Celebrate the online catalogue!
The first thing we would like to celebrate is something easy to overlook in the age of the search engine, and that is our online catalogue. As many of you will undoubtedly know through experience, finding what you are looking for in a library using a card index is a very different experience to that of an online catalogue. The ease with which the book, pamphlet, journal, or dictionary you need can be found using a library catalogue (at least, most of the time) can be very easy to overlook. So, three cheers from us for MainCAT, our online catalogue!
You can find MainCAT here.
We also have a guide to making the most of MainCAT that might be useful if you haven’t used it before.
Look out for some cosmetic changes to MainCAT that we are working on over the coming week or so that we hope you will like!
Gladstone’s Library looks after, as many of you will know, the original library of our founder, W.E. Gladstone. In 2010, as part of the outcome of a major AHRC-funded project, all c.28,000 volumes (or c.11,000 titles) were catalogued and made public on a fully searchable catalogue of their own – GladCAT.
Not only does GladCAT contain catalogue records for all of Gladstone’s own books and pamphlets, but it also contains transcriptions of the annotations and marginal marks he made in them. Around 6,000 items contain annotations of various kinds, from the smallest of ‘notice lines’ to questions and comments on the texts. Want to see which printed items Gladstone annotated the most heavily? With GladCAT, you can! Start an ‘advanced search’, then type in search bar ‘extensive’, and GladCAT will give you the titles with the most marginalia. Amazing!
Celebrating online information!
Another digital initiative we are currently undertaking is to enhance and enrich the information we have online about our archive and print special collections. Our Graduate Work Experience students have been working hard recently under the direction of our archivist on making descriptive ‘finding aids’ of our liberal theology archives. These will be available soon – but to give you an example of what to expect, take a look at the extensive finding aids to the British Crime Writing Archive that the library currently holds.
We have also recently added to our website more information about our hand-press era printed collections – this is our collection of items printed between the mid-15th and late 18th centuries.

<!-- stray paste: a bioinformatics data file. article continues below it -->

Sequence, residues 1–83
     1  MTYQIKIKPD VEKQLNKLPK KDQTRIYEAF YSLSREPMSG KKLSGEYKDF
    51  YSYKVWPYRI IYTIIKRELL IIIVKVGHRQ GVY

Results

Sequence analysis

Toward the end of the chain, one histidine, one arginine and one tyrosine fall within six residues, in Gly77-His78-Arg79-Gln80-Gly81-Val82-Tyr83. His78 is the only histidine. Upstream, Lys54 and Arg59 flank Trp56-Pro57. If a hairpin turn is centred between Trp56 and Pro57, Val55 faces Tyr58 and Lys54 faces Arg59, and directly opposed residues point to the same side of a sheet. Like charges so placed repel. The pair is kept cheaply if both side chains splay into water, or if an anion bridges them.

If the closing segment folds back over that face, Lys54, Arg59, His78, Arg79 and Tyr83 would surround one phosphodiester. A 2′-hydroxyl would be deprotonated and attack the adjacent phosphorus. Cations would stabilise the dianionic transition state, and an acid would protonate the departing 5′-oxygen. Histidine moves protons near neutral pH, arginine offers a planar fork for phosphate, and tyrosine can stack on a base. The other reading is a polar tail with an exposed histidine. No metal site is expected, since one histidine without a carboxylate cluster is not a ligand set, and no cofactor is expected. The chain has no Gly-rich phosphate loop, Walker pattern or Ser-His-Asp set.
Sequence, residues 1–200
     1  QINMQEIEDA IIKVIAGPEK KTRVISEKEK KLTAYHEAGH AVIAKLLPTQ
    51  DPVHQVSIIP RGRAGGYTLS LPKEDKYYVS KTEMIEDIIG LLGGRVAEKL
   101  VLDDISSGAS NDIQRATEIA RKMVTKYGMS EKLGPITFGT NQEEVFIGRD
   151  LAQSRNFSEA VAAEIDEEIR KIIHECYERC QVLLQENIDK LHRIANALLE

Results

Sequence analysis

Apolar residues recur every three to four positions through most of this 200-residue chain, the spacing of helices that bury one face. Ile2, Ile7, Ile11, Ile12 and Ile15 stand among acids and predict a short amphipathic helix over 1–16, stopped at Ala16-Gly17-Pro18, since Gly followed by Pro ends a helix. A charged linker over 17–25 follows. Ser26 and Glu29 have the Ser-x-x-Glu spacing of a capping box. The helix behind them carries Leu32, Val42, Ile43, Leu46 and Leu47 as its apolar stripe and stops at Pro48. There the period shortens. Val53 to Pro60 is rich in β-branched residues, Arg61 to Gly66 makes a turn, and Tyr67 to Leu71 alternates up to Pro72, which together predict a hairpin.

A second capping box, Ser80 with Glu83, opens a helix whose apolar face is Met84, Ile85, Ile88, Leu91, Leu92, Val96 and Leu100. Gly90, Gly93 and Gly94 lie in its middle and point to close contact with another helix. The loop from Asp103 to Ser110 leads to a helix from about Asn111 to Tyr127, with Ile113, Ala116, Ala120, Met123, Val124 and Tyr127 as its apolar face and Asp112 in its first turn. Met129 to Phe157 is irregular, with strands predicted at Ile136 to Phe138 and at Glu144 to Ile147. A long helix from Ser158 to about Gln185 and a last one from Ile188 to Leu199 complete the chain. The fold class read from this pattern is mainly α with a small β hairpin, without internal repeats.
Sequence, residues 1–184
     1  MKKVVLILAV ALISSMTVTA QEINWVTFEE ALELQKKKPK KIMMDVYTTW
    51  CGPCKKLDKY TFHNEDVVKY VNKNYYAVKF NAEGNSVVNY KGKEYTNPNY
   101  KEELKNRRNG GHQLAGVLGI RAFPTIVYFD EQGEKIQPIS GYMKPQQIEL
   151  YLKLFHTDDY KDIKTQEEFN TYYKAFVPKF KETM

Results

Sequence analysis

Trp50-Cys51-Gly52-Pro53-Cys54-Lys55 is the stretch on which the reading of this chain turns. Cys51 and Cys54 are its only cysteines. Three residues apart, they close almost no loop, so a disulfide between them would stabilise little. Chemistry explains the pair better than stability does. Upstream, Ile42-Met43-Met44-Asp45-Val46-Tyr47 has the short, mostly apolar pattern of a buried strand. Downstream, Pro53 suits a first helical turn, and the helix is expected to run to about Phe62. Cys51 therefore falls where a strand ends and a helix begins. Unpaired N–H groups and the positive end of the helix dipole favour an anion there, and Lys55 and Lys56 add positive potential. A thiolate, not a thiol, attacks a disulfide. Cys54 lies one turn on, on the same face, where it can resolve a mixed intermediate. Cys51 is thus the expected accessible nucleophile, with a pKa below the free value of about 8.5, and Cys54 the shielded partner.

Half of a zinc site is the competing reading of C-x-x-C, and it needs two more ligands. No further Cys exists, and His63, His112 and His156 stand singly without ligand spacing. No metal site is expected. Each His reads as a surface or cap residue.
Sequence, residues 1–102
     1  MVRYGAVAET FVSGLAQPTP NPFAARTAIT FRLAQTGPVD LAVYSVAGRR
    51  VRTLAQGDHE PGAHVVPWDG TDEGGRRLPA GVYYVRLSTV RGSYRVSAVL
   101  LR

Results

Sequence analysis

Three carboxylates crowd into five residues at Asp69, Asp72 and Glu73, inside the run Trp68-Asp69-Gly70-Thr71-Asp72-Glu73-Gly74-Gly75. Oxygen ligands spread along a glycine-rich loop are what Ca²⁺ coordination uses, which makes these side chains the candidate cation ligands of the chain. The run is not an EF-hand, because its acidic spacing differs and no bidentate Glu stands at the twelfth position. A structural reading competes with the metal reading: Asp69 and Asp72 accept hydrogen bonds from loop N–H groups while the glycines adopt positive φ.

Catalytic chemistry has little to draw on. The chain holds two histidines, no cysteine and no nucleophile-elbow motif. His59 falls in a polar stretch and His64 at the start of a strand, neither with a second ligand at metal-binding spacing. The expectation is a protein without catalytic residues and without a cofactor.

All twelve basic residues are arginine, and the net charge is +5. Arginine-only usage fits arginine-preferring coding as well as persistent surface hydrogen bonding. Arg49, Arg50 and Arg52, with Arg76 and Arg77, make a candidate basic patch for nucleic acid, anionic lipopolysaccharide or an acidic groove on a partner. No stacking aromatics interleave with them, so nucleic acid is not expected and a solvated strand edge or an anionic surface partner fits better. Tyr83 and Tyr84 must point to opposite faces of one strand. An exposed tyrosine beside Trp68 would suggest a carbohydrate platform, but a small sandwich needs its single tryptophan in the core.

We hope to make available very soon digital copies of our typescript bibliographies of all our hand-press titles – keep an eye on social media for when these go online (yet another way the digital can bring our collections closer to you).
Finally, we are very fortunate to be currently undertaking a large digitisation project of our own – Digital Gladstone. Begun in January 2018, the library is currently digitising not only all of Gladstone’s annotated printed items, but the vast majority of what is known as the Glynne-Gladstone archive. This contains papers, notes, correspondence, and more besides in the hand of W.E. Gladstone and those closest to him personally and politically (the counterpart archive collection is with the British Library).
This project, generously funded by the Carnegie Corporation, will allow Gladstone scholars, historians of the book, and researchers in all fields across the humanities to access high-quality digital images and metadata from wherever you are in the world.
Look out for more exciting developments on this project early next year.
By Gary Butler, Assistant Librarian
Find out about how other libraries across the country are celebrating the digital this week through the Libraries Week website. Follow @LibrariesWeek for the latest news and updates and Tweet using #LibrariesWeek to join the conversation.
Gladstone’s Library Website, October 08, 2019